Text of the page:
Halaloween: U.S. Film Festival Showcases Horror Movies Made By Muslims Around the World

Halaloween: U.S. Film Festival Showcases Horror Movies Made By Muslims Around the World

Michigan-based festival director, Aliyah Khan, talks to AMT about this year’s selection of films made by Muslims for Muslim audiences in countries such as Indonesia, Egypt, Morocco, Saudi Arabia and Malaysia.

This week the second annual Horror Film Festival known as Halaloween airs its final film in an event that celebrates the horror genre which has a global reach of millions of Muslims. The University of Michigan festival is free and entirely virtual this year due to the pandemic.

Pictured: Aliyah KhanAliyah Khan, the Director of the Global Islamic Studies Center (GISC) at the university, said the festival began in 2019 after then-director Karla Mallette questioned whether Muslim horror films existed. To her delight, she discovered that there is a vibrant Muslim horror film genre.

Since Khan took over as Director, she noticed that while Muslim horror films aren’t very different from American horror films, they offer a glimpse into the lives of Muslims.

“Their concerns are maybe a little bit different from American horror films because all horror films kind of tell you more,” she said. “Even though they seem to be about something otherworldly and supernatural, they reveal the inconsistencies and problems in the societies in which you’re living. So, from these Muslim horror films, you find out a lot about the societies in which people are living, about the way they practice Islam and what Islam looks like in their respective societies.”

Khan said the university and its students have been supportive of the initiative.

“The response has been great,” she said. “I regret that we can’t have it in person again because of the energy that it created amongst students, the response has been totally positive. The event is free, but we have ‘sold’ 300 plus tickets to the film festival total so far.”

The event is co-sponsored by numerous departments at the University of Michigan, in addition to the Arab American National Museum in Dearborn and the horror streaming platform Shudder.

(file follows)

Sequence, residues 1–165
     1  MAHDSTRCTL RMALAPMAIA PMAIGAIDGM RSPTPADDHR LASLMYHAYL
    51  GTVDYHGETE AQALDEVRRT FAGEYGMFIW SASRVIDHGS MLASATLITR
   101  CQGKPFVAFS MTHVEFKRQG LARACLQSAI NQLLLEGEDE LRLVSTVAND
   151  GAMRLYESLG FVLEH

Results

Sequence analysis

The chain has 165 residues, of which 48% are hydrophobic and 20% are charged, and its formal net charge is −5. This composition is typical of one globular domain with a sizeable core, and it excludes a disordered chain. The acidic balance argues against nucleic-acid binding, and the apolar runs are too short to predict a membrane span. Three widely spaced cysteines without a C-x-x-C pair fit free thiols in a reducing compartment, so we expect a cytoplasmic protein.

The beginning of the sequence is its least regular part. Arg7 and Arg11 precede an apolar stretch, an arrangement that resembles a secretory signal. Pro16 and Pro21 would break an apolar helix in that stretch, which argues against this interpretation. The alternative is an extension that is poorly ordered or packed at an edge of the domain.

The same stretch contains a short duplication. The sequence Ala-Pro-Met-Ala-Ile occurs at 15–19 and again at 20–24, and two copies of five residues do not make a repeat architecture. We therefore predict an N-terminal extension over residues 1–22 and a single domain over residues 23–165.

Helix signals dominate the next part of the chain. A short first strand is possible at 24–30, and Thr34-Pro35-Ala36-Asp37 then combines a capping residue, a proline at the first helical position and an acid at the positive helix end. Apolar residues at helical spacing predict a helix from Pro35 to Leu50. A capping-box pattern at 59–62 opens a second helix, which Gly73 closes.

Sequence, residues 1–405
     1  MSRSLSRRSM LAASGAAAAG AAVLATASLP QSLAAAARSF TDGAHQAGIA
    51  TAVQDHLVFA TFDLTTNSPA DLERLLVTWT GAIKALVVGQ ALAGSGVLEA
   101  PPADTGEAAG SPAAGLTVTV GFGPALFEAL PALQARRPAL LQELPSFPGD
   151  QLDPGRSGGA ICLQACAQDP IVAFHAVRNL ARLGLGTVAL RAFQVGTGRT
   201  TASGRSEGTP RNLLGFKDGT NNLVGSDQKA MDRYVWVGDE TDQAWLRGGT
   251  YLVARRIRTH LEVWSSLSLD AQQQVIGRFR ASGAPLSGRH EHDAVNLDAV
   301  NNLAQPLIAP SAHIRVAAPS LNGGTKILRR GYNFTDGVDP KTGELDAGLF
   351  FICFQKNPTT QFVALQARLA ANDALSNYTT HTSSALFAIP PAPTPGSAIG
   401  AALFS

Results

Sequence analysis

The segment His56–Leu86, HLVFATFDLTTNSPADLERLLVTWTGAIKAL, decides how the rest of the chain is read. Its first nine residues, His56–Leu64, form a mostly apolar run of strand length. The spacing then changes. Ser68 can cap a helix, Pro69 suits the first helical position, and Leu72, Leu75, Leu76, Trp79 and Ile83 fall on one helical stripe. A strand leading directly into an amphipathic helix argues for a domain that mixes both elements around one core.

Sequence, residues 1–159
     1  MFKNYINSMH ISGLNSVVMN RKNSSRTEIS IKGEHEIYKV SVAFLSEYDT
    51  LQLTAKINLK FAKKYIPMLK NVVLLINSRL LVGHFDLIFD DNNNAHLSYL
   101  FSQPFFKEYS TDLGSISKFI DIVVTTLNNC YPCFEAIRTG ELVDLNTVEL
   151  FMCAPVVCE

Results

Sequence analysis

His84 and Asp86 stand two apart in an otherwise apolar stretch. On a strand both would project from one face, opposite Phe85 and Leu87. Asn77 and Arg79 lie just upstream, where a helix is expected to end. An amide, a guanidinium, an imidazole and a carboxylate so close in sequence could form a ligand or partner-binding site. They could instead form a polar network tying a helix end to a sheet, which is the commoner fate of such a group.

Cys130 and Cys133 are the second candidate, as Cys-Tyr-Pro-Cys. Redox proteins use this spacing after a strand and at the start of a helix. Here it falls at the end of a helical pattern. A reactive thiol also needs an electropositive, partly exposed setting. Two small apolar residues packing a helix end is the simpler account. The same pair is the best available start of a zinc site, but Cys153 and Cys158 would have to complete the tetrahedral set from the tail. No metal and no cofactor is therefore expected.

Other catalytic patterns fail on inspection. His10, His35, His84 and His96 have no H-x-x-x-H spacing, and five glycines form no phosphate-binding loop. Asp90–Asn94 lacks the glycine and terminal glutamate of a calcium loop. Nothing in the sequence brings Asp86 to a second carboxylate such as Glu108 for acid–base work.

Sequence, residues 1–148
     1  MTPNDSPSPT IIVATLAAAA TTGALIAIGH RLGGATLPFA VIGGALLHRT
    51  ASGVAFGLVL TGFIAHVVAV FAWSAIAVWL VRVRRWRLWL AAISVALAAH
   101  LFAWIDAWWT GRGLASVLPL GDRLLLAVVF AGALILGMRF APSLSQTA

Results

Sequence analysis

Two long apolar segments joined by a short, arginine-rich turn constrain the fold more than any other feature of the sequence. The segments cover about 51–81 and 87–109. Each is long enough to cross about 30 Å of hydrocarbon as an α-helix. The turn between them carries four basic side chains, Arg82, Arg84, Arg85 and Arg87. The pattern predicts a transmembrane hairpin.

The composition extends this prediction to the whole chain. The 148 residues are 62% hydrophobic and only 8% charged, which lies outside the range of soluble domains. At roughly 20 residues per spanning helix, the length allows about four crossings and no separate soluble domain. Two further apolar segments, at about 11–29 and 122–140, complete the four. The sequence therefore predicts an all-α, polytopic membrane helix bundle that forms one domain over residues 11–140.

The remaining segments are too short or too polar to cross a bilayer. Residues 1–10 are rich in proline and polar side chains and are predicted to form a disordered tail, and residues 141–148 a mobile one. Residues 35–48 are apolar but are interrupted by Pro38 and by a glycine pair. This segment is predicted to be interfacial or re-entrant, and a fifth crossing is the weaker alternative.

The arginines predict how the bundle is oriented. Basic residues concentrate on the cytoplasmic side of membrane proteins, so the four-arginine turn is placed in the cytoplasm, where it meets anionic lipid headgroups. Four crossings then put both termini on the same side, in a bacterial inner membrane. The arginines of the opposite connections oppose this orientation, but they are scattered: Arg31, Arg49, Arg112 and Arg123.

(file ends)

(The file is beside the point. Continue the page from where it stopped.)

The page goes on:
Khan said that the GISC’s sole focus is changing how Muslims are perceived across the University of Michigan’s campus and in turn broadening their perceptions of Islam and Muslim countries internationally.

“The Global Islamic Studies Center is unique in terms of the various units on campus and departments that address Muslims and the majority of the Muslim world,” she said. “We have the ability to bring together and to cohere the Muslim world. We think about the Uumah as a whole and the way that the Muslim culture functions across the world. Our offerings are pretty diverse because we also have the freedom and the flexibility to not focus just on a particular region.”

In addition to Halaloween, the GISC will host a speaker series on Afghanistan on November 10 and screen a women-made film on Afghanistan at the end of the semester.

Michigan is also home to American Muslim director, Ajmal Zaheer Ahmad, who made the action-horror thriller “Jinn” in 2014, which he wrote and directed. The film starred Dominic Rains, Ray Park and William Atherton, as well as Faran Tahir, none other than Star Trek’s Captain Robau.

The festival gives the films a rating on a horror scale of 1 through 5. “Impetigore,” an Indonesian film with a rating of 5 out of 5 for gore and suspense, is available to stream today until November 5.

Still image from "Impetigore" / image courtesy of GISC

Any future events hosted by the GISC can be found on their website.

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